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Steve Schwarze of Eagan said he completed a survey this year that won’t make MAPS look any better. While he had no trouble getting a first appointment for back pain, he said, he found the clinic unresponsive when he called between appointments seeking a medication refill and when he needed the clinic to contact his insurer to approve a procedure.
“I gave them every chance I could,” said Schwarze, who switched to another pain clinic.
Minnesota has been a leader in rating clinics based on performance criteria. But rating doctors by patient survey responses has caused some unease, in part because doctors sometimes have to make tough decisions that might upset patients, such as declining to give them antibiotics or imaging scans when they aren’t necessary. Some have worried that doctors could be swayed to make decisions purely to appease their patients and improve their ratings.
Ehlinger said the breadth of responses means that a clinic’s scores won’t be influenced too heavily by any one patient. Clinics had to have at least 120 patient responses, for example, for their access scores to be listed.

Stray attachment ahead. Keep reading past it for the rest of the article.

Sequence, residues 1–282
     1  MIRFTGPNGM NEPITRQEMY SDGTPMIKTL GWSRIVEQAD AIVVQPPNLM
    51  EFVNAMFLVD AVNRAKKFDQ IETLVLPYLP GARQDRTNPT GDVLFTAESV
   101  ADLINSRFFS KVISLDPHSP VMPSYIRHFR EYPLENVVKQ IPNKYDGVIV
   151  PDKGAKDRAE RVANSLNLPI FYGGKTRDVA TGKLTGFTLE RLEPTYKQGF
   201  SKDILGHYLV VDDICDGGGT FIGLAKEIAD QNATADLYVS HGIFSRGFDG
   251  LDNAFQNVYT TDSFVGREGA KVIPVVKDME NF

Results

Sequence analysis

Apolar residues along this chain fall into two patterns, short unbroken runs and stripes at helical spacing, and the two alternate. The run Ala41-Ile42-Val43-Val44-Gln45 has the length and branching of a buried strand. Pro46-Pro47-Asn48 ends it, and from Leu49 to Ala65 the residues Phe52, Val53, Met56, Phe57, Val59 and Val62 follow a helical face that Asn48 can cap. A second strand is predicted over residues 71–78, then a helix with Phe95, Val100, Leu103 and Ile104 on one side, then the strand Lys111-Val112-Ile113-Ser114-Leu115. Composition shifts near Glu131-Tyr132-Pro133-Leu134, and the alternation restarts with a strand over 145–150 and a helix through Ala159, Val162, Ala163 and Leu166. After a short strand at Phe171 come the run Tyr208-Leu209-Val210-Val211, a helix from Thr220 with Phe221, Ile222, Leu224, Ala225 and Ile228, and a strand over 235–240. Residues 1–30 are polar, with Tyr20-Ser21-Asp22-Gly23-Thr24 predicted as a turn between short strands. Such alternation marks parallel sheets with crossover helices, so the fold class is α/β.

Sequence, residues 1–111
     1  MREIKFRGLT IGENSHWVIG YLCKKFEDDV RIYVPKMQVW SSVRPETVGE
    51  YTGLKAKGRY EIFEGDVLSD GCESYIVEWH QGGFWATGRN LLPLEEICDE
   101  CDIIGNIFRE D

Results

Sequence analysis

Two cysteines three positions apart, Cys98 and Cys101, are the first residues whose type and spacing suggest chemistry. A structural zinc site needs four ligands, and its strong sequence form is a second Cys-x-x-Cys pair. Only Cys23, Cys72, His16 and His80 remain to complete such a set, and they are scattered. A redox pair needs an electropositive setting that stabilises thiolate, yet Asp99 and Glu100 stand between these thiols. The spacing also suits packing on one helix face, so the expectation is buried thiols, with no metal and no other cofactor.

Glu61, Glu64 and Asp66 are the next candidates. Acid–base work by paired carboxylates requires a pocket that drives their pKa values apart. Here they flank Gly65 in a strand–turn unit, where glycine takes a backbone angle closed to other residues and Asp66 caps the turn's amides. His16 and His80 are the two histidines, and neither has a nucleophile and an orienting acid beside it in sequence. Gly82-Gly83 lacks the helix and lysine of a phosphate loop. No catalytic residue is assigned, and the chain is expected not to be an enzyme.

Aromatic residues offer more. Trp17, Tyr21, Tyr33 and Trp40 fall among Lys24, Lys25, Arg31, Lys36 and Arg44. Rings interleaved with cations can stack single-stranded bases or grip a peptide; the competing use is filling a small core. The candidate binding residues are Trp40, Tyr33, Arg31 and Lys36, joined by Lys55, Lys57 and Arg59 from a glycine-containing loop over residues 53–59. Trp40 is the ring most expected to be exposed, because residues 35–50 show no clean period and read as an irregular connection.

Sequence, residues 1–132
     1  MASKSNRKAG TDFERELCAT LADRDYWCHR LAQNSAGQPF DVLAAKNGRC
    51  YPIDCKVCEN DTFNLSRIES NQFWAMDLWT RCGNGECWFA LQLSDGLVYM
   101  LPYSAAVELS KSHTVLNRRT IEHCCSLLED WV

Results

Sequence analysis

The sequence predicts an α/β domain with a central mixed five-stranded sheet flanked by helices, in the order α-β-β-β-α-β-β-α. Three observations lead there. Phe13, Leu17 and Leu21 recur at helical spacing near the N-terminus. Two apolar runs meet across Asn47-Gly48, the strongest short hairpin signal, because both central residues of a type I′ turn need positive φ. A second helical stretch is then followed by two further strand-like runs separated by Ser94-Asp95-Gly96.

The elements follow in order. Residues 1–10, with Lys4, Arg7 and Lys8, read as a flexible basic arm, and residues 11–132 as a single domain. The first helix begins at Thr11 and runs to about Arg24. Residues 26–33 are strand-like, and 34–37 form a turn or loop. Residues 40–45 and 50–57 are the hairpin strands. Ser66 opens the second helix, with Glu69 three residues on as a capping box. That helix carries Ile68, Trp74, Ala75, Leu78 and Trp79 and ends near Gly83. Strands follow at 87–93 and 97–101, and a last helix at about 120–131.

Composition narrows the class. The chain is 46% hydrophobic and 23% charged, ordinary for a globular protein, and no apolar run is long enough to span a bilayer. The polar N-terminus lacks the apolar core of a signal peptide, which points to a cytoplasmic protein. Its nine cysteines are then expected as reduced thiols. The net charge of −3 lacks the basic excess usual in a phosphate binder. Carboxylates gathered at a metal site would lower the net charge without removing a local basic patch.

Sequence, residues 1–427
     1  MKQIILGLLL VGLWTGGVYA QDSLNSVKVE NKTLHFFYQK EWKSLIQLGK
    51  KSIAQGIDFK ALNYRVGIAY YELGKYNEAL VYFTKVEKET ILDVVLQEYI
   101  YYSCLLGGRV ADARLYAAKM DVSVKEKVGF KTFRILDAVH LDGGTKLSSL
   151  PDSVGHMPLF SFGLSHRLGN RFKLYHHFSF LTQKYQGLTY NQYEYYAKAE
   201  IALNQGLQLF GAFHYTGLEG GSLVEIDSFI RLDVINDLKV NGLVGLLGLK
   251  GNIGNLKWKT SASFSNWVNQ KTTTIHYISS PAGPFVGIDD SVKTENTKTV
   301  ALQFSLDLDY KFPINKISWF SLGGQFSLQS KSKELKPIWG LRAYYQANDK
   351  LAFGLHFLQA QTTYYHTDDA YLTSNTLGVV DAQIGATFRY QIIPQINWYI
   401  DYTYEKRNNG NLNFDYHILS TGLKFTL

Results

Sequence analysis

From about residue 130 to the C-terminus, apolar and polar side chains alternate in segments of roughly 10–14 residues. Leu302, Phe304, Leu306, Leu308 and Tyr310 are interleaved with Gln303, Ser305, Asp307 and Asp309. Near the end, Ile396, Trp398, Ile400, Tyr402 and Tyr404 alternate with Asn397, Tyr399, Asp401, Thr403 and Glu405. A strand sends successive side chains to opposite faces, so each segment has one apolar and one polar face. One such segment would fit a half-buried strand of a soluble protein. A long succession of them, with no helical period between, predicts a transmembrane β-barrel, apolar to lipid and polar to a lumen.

Clinic results are searchable by specialty, which could be important because patient satisfaction can vary by clinic type. Cancer specialists, for example, tended to receive more positive feedback. Urgent cares such as the Apple Valley clinic scored lower on patient surveys, probably because the patients have no prior relationship with the doctors. The three lowest-rated clinics for physician quality were all urgent cares.
All clinics are now expected to collect and provide their survey data. Most hire survey companies at a minimum cost of $1,200 per year. Clinics not listed this year included those with too few patients to provide reliable data and pediatric clinics, which will be evaluated separately.
Jeremy Olson • 612-673-7744